Audio

Cape Town's Indigo Children Rap Their Truths Over Arsenic’s Soulful Beats

Arsenic's new boom-bap EP features Chris Gaudy, Andy Mkosi, YoungstaCPT, Mvula Drae and more.

Sadly it's only 15 minutes long. Just as you are gearing for more heat, it's done. Hidden Formulas 5: Project Indigo, the latest in the series of mixtapes by Cape Town veteran producer Arsenic, packs some serious heat.

It's too focused in theme to be an EP and plays rather as a short album with skits containing explainers of the concept of indigo children. The producer is astonished by the ways of the indigo subculture.


Last week, he told IOL:

"The indigo project name came because I started exploring the concept of indigo children a few years ago. They are children sent to earth to alter and heighten the vibrational frequency of our planet and expand our consciousness. All of the artists I work with display that ability."

First off displaying that ability is the rapper Chris Gaudy and the singer Soul Sista Tilo on the EP's first song "Indigo." With an unmatched conviction, Gaudy speaks on the concept of protecting your unorthodox dreams in a world that favors clones.

The rapper Andy Mkosi viciously raps about the contradictions of "the city of Apartheid," i.e. Cape Town, on the remix to her 2013 song "Words." She explores the complexities of the city—class and race—in a near-perfect 16 bar verse. YoungstaCPT, who appears on the second verse, finishes what Andy started with another one of his show-stealing guest verses.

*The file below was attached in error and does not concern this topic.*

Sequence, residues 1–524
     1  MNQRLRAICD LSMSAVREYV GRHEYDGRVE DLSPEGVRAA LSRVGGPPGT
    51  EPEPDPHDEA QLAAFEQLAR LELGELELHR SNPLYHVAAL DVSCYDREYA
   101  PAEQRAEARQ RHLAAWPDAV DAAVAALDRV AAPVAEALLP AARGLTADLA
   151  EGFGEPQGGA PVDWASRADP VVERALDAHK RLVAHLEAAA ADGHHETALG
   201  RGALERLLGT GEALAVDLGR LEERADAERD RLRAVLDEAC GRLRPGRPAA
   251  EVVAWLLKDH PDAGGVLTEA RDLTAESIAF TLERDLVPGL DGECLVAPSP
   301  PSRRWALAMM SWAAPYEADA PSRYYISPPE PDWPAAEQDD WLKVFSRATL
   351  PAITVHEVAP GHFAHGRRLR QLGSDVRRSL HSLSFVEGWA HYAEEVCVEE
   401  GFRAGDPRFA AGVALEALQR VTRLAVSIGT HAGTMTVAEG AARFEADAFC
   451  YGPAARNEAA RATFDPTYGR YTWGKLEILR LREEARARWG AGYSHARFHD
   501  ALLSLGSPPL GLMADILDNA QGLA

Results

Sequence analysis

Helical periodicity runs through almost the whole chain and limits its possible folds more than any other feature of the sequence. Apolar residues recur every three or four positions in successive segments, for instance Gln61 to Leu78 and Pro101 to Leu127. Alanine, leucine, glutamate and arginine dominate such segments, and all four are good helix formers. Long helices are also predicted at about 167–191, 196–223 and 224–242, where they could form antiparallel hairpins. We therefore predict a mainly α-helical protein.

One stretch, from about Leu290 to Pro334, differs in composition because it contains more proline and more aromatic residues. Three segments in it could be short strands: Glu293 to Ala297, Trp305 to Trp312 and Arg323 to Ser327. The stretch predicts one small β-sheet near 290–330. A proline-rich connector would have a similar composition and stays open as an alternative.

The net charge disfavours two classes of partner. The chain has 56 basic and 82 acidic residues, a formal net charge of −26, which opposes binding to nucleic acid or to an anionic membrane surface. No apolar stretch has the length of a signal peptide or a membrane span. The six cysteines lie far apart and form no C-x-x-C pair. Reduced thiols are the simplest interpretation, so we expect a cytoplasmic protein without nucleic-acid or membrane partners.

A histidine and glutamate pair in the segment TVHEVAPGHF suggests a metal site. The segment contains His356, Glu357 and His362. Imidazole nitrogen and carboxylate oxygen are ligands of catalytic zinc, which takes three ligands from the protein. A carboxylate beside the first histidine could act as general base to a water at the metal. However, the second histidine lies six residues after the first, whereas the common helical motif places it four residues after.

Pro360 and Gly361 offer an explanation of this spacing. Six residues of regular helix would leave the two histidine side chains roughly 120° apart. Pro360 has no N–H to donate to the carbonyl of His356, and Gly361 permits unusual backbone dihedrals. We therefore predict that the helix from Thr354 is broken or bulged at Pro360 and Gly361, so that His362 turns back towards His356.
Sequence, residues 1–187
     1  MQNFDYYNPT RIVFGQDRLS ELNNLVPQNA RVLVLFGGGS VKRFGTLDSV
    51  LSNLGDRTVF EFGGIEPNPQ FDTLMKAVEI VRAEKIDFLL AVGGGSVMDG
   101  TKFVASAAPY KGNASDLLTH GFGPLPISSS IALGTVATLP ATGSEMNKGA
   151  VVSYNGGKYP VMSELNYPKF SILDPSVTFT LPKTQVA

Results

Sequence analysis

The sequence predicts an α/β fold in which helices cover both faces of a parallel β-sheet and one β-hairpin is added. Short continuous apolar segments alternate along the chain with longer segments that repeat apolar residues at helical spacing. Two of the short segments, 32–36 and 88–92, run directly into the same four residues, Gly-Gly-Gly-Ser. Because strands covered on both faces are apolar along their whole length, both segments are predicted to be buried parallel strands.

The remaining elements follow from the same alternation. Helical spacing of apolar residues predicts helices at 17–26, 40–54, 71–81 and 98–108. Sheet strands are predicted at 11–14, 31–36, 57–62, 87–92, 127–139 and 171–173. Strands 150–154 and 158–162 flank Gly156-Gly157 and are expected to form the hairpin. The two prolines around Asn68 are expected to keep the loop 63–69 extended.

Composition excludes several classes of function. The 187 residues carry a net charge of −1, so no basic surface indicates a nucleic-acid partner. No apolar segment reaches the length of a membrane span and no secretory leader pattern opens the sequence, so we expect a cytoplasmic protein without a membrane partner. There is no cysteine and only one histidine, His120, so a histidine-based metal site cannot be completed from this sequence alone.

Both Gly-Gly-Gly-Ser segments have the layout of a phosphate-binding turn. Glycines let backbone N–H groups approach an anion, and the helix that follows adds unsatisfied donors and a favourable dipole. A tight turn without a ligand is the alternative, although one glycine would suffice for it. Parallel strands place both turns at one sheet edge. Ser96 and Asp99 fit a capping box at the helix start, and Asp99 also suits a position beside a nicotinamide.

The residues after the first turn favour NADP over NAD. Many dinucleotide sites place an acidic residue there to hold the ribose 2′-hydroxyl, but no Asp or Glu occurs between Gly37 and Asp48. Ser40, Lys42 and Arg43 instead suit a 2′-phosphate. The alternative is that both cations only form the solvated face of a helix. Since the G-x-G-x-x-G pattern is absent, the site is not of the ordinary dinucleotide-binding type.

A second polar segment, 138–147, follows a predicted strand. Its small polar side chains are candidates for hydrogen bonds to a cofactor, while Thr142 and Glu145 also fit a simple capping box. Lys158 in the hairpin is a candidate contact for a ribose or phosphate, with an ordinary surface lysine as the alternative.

To relieve your ear of the heat provided by the first two songs, the vocalist Tiffany Joseph appeases you with smooth vocals over mild piano keys.

Mvula Drae closes this grand gathering of some of CPT's finest with "Hidden Formula." The young lyricist exhibits his 90s-inspired flows over a falsetto trumpet loop.

Hidden Formulas 5: Project Indigo will thoroughly entertain boom-bap heads and fans of lyrics. It plays out as an album by a group of artists who are comfortable with picking their own lane and sticking to it.

Listen to Hidden Formulas 5: Project Indigo below or download it here.

Photo by Meztli Yoalli Rodríguez

Dying Lagoons Reveal Mexico’s Environmental Racism

In the heart of a traditionally Black and Indigenous use area in Southwest Mexico, decades of environmental destruction now threatens the existence of these communities.

On an early morning in September 2017, in a little fishing village in the Pacific coast of Oaxaca, called Zapotalito, thousands of dead fish floated on the surface of the Chacahua-Pastoría lagoons. A 7.1-magnitude earthquake, which rattled Mexico City on September 19, was felt as far down as Zapotalito, and the very next morning, its Black, Indigenous and poor Mestizo residents, who depend on the area's handful of lagoons for food and commerce, woke up to an awful smell and that terrible scene of floating fish.

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